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  • 12. BIOSAFETY LEVEL 1 & 2 Code of practice: Code is a listing of the most essential laboratory practices and procedures that are basic to GMT which are fundamental to laboratory safety. Concepts: 1. The international biohazard warning symbol and sign must be displayed on the doors of the rooms where microorganisms of Risk Group 2 or higher risk groups are handled 2. Only authorized persons should be allowed to enter the laboratory working areas 3. Laboratory doors should be kept closed 4. Children should not be authorized or allowed to enter laboratory working areas 5. Access to animal houses should be specially authorized 6. No animals should be admitted other than those involved in the work of the laboratory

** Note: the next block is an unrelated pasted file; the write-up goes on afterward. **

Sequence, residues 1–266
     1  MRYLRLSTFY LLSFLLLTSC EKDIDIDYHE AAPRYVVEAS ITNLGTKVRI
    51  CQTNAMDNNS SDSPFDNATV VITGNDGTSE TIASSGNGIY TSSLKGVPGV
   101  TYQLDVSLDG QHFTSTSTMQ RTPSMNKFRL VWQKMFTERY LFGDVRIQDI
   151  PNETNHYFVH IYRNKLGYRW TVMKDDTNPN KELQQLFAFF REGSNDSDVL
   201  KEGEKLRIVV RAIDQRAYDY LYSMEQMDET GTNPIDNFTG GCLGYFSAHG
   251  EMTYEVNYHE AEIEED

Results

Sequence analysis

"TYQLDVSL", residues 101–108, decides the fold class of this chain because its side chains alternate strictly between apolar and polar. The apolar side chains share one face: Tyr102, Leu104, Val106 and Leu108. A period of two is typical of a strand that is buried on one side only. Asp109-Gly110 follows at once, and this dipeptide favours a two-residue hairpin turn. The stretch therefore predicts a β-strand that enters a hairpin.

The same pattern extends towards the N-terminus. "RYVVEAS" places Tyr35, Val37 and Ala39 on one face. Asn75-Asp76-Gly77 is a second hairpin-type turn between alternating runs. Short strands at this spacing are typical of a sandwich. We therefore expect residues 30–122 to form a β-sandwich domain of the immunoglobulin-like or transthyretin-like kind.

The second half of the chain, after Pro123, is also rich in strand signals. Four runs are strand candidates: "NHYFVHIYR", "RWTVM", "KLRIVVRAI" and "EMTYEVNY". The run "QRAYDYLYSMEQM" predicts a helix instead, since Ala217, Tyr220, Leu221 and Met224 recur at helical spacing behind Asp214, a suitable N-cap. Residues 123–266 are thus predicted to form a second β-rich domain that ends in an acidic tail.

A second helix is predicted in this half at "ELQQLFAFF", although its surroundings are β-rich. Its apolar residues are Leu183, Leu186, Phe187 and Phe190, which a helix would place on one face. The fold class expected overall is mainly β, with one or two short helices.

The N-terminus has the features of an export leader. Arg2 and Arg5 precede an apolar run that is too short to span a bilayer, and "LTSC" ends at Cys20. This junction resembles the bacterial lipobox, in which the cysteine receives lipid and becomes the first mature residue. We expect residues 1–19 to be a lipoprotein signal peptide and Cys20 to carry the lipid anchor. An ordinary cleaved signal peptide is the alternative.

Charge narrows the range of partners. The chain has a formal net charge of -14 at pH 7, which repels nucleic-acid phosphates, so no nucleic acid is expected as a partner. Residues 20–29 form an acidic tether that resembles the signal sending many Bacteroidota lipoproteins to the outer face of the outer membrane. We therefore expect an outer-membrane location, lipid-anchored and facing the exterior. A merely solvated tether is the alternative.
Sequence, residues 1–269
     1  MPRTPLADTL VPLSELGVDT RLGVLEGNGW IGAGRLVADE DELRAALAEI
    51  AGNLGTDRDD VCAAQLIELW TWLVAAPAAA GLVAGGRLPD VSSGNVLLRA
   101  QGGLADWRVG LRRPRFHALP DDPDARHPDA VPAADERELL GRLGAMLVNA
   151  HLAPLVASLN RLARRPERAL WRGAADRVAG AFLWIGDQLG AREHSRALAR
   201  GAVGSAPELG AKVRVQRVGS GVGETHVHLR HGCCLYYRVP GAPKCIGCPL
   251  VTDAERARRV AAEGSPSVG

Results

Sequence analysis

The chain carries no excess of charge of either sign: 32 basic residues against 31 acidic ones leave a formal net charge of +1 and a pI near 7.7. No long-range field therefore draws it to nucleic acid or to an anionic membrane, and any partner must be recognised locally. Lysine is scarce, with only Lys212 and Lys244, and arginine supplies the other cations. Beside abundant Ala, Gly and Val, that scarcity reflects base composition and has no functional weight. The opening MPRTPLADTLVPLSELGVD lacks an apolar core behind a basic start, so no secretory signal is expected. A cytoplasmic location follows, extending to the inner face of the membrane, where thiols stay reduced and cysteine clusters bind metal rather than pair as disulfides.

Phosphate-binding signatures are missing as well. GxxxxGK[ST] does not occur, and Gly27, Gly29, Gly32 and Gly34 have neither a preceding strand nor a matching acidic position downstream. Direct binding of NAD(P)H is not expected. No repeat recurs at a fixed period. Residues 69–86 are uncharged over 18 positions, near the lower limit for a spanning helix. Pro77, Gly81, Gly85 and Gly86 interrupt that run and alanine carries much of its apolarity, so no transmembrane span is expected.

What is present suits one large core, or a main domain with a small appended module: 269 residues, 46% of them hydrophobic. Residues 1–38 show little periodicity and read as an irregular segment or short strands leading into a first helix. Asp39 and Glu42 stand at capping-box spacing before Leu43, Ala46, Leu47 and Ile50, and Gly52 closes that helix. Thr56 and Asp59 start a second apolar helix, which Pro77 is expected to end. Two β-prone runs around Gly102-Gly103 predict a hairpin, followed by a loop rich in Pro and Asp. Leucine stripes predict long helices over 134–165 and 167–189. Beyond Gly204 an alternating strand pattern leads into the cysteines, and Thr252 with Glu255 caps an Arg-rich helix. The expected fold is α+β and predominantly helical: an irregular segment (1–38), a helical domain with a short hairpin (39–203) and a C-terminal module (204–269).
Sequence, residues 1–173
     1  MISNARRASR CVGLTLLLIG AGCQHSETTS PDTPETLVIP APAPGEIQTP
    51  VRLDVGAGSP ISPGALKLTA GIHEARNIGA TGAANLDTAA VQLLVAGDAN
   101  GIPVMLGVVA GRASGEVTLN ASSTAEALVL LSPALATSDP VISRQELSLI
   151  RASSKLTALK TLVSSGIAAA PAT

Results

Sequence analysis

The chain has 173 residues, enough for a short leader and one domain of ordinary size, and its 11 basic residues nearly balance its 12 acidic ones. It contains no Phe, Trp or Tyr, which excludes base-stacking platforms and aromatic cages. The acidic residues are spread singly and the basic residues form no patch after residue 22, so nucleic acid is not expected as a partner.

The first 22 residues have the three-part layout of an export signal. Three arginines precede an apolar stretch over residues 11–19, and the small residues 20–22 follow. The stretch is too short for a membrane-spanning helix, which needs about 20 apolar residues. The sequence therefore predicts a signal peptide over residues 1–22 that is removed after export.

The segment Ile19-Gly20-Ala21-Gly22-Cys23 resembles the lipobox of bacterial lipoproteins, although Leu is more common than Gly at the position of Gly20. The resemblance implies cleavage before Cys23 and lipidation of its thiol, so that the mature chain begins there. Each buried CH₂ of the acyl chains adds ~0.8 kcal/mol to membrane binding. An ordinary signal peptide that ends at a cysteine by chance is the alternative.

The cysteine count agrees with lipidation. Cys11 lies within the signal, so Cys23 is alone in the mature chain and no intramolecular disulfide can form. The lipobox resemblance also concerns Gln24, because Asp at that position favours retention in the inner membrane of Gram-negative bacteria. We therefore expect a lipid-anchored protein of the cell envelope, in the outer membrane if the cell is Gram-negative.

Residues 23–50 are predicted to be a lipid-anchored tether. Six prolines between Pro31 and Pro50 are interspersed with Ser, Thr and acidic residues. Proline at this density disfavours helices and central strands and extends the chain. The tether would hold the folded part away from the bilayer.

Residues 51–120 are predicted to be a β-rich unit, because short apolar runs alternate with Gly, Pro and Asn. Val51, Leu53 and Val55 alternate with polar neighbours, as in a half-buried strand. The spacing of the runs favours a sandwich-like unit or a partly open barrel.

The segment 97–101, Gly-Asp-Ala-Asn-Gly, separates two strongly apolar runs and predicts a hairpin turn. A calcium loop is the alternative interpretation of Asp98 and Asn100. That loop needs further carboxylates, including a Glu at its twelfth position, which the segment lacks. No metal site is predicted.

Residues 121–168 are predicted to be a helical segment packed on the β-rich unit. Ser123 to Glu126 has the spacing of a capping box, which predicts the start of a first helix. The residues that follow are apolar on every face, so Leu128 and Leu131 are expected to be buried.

• 13. Biosafety management: 1. It is the responsibility of the laboratory director to ensure the development and adoption of a biosafety management plan and a safety or operations manual 2. The laboratory supervisor (reporting to the laboratory director) should ensure that regular training in laboratory safety is provided 3. Personnel should be advised of special hazards, and required to read the safety or operations manual and follow standard practices and procedures. The laboratory supervisor should make sure that all personnel understand these. A copy of the safety or operations manual should be available in the laboratory. 4. There should be an arthropod and rodent control programme 5. Appropriate medical evaluation, surveillance and treatment should be provided for all personnel in case of need, and adequate medical records should be maintained